Adding Signed Numbers
Adding negative numbers sounds so abstract. But it really isn't if you think about some real world examples.
Example 1
Let's say you have $10 and you want to buy a used video game from your friend that costs $20. If you look at it on a number line, you start off with $10 (that's a positive number), then you move to the left of the number line $20. You give your friend the $10 and you still owe him $10. So you have negative $10. The expression would look like this:
$10  $20 = $10
This is what it would look like on a number line:

Example 2
So let's take example another step further, what if you want to buy another used video game from your friend that costs $15. You already owe your friend $10, now you're going to owe him even more. Let's take a look at the expression:
$10 + ($15) = what you owe your friend
What the heck? That looks a little scary. Not if you think about it. You owe your friend $10, if you buy something else from him for $15, then you owe him even more. You owe him $25. Let's take a look at it on a number line. You start at $10 (that's how much you owe) and then you move to the left another $15.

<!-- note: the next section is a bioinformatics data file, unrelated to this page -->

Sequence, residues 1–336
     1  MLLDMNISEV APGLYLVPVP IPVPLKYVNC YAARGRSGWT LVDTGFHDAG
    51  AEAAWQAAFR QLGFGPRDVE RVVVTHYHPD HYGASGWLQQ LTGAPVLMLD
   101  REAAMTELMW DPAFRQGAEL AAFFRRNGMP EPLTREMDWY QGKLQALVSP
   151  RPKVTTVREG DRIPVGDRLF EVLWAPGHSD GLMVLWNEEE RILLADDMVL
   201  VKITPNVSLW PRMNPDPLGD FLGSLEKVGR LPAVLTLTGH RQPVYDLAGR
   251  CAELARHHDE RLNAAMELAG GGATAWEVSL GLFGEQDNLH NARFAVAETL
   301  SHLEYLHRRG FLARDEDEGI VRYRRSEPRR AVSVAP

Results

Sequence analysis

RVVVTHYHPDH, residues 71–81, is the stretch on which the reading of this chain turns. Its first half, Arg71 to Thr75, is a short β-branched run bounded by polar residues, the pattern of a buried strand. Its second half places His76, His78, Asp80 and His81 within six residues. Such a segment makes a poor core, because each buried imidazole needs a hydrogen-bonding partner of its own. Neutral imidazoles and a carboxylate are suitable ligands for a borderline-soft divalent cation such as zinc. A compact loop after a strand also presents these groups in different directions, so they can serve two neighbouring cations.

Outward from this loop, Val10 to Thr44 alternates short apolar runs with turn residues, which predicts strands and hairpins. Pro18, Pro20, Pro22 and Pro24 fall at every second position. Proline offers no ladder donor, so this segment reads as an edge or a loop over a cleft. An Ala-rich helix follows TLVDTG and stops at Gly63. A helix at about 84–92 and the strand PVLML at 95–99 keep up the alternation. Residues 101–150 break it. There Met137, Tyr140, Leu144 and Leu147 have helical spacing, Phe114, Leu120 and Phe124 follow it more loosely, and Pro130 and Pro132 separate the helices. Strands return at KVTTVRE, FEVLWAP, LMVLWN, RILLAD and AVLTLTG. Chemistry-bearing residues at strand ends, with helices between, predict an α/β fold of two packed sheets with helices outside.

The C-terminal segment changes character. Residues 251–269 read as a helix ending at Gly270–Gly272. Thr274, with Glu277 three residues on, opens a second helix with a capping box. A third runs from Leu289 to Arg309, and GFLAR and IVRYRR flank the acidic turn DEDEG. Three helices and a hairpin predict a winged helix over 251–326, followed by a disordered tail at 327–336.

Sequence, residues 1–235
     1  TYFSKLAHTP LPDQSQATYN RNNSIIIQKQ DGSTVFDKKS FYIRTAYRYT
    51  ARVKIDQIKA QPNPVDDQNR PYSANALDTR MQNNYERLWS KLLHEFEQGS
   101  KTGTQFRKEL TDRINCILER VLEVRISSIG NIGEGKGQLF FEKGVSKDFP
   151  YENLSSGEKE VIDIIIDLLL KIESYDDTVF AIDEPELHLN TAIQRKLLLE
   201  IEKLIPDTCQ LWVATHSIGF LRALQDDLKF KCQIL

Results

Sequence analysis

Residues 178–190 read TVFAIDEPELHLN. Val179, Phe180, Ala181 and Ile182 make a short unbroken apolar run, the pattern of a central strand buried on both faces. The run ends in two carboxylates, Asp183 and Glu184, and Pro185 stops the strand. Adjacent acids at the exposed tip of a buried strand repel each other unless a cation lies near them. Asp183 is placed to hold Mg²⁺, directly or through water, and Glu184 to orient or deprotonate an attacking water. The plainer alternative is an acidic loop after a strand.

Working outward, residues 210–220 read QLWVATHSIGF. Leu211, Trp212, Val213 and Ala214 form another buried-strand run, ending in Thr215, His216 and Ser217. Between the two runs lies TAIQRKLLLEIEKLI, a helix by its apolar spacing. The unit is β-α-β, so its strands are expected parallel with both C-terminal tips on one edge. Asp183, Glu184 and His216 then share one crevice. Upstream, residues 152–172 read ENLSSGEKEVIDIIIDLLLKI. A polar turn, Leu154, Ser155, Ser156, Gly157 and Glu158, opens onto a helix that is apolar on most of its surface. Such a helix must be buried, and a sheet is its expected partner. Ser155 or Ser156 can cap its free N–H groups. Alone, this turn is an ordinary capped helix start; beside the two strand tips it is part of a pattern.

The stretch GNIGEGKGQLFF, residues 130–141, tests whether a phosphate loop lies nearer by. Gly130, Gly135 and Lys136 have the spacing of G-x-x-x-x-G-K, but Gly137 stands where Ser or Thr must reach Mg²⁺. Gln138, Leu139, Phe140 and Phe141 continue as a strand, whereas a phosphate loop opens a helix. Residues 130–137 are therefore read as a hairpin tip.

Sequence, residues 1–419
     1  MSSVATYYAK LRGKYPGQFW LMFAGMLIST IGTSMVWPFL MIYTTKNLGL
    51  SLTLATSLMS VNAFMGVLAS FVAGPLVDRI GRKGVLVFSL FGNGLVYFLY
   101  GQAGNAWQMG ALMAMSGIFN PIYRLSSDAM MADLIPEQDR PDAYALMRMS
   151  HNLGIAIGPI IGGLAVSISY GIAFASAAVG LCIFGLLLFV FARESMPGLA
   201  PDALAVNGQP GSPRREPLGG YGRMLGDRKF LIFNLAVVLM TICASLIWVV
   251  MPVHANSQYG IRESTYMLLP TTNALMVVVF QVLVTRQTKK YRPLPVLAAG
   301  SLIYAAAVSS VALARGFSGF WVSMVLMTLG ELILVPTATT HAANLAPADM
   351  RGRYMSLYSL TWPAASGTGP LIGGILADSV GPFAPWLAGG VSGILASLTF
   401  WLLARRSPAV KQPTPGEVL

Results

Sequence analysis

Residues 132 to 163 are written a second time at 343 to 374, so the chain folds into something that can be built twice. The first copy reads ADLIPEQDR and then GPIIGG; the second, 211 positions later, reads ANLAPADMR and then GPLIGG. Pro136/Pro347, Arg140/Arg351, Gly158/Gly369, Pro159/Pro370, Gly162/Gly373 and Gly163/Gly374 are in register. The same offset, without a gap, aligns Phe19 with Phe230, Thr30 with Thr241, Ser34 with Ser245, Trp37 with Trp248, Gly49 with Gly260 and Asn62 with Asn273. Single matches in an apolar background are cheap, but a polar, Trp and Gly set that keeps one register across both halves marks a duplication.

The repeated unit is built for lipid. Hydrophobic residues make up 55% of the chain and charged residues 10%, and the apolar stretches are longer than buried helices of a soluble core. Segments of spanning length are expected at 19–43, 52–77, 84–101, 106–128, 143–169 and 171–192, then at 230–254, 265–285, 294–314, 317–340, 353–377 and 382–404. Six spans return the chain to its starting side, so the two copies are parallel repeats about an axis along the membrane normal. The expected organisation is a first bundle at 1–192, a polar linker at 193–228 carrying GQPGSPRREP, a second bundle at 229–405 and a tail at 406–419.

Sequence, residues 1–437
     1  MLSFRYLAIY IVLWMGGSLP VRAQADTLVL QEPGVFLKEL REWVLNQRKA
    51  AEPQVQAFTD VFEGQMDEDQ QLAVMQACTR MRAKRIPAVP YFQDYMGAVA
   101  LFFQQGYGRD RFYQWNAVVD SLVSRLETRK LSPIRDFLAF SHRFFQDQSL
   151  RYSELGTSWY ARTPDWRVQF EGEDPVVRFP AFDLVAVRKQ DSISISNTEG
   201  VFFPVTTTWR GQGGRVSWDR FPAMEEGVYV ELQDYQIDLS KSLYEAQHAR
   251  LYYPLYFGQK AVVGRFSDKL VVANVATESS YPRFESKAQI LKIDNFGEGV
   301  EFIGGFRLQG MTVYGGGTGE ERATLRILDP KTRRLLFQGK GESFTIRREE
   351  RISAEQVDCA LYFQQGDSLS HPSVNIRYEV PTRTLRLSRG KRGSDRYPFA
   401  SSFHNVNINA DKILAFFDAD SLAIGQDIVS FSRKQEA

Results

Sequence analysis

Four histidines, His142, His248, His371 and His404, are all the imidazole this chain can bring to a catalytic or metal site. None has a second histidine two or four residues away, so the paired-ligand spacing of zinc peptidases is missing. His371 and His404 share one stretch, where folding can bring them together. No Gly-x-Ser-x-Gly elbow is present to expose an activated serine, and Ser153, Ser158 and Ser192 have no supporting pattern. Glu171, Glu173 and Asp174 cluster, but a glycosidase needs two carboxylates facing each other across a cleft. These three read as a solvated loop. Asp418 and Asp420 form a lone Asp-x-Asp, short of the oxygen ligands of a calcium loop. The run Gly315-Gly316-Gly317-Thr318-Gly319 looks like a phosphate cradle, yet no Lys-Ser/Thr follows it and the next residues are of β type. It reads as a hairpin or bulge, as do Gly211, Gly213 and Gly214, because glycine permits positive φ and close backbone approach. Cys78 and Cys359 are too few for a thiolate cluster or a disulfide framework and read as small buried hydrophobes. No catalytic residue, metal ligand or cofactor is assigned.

Note 1: 25 is smaller than $10. You have even less money when you owe $25 compared with owing $10.
Note 2: Adding a negative number is the same as subtracting a positive number. These two expressions are the same:
$10 + ($15) = $10  $15

Video Tutorials


Shows how adding a negative number is the same as subtracting a positive number.

Other Tutorials
Positive and Negative Numbers  Description of how to add and subtract positive and negative numbers including an online exercise with answers.